4 Dangerous Toys to Keep Out of Your Home

Being a mother is difficult, you need to have eyes everywhere and that can be overwhelming. But, there are things we can do to make life a teensy bit easier, and one of those is providing our children with safe toys. 

The last thing parents want to worry about when sending their child off to play is whether or not the toys they have access to are potentially harmful. But too many parents across the country are letting toys that look fun and harmless into their homes—putting their children at risk of injury or even death.

There are around 240,000 toy-related injuries that are recorded in emergency rooms every year—and all of them are preventable with a little caution.

If you’re a parent or nanny you’ll want to do your due diligence and make sure your toy bin is free of dangerous toys. 

Safety Tips 

Depending on the age range of your children or the children you take care of, there will be different types of safe toys you’ll always want to have available. Here are a few things you can do to properly vet toys so they don’t become dangerous to your kiddos:

Regularly check your toys for loose parts, broken pieces, or sharp edges. If it’s not in good condition, you should repair it or throw it away. If it’s a serious defect, report the hazard to the toy’s manufacturer and the CPSC so it can get recalled before someone gets hurt. 

Read the toy’s warnings on the box or label before giving them to children. The toy’s recommended age range guidelines should always be followed—even if a younger child seems like they can properly use it.

If you have infants and/or toddlers, make sure to avoid cheap metal, painted jewelry, and other potentially hazardous items that could contain lead. Babies love putting random things in their mouths, and even trace amounts of lead and metals could be life-threatening. 

Fidget Spinners

These toys aren’t just an annoyance to teachers everywhere; they can be extremely harmful if younger children get ahold of them. Most fidget spinners are made up of many small parts, and both branded and knock-off models can easily be broken and become choking hazards to young children. Homes with infants and toddlers should steer clear of having any type of fidget spinner available. And if you have older children, make sure any fidget spinner they have is always in good condition.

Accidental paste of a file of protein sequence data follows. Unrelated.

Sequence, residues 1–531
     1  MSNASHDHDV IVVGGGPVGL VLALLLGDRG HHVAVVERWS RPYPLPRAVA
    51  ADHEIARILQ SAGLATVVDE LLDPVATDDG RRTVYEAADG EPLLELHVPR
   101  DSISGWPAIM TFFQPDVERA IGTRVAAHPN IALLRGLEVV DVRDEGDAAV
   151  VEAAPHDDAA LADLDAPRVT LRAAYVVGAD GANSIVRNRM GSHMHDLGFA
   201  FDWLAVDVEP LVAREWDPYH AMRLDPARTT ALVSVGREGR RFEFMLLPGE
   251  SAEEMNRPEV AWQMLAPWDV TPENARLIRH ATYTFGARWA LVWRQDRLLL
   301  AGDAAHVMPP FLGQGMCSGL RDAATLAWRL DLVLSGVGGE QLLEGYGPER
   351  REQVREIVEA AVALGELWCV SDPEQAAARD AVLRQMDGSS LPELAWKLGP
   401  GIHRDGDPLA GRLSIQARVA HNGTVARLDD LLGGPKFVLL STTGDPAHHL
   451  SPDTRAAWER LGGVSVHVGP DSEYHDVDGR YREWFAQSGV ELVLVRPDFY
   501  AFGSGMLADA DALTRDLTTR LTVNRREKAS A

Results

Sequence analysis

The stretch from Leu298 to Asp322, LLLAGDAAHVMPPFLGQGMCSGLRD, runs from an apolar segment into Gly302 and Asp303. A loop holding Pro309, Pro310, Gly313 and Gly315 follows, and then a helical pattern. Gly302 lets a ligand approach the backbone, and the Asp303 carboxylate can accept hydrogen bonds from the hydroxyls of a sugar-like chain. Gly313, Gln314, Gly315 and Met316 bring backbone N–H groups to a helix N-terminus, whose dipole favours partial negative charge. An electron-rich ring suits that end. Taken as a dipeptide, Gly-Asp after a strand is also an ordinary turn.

Magnets have always been a fun toy for children of all ages to play with—they stick together like magic! But toys with magnetic parts can cause serious and potentially life-threatening injuries if ingested. If a baby accidentally swallows a magnetic toy, it can cause gastrointestinal damage, infection, and pinching of internal organs. A major recall of magnetic toys happened in 2006 after a child died from accidental ingestion, but they’re still everywhere on the market today. Even though magnets are a very popular toy, parents should be cautious about having any type of magnet in their home.


If you have older children, you’ll want to have some more advanced toys than teddy bears and Barbies. Electronic toys like hoverboards are all the rage right now, but they’re far from being safe. Hoverboards have been recalled multiple times due to fire hazards and spontaneous combustion while charging. And of course, hoverboards also pose a serious fall and crash risk—it’s better to just skip this toy altogether. 


These are a summer favorite for families everywhere—but they should never be easily accessed by your toddler or younger children. Like every toy, they seem harmless at first; but if kids are playing in them without proper supervision they can quickly become a strangulation hazard. In 1996, the CPSC recalled 3 million hammocks after they accidentally twisted around children’s necks and caused the deaths of 12 children. If you do have a hammock, these risks can be avoided with careful supervision and attention given to the child playing.

Emma Davis

Emma is a lover of family, friends, and her french press coffee. She spends a lot of time traveling and writing. She hopes to help readers see the world as she experiences it—helping others craft a life where they can work hard and play often. And while she loves to be on the move, sharing her stories and adventures, anytime she can come back and see her family she takes it.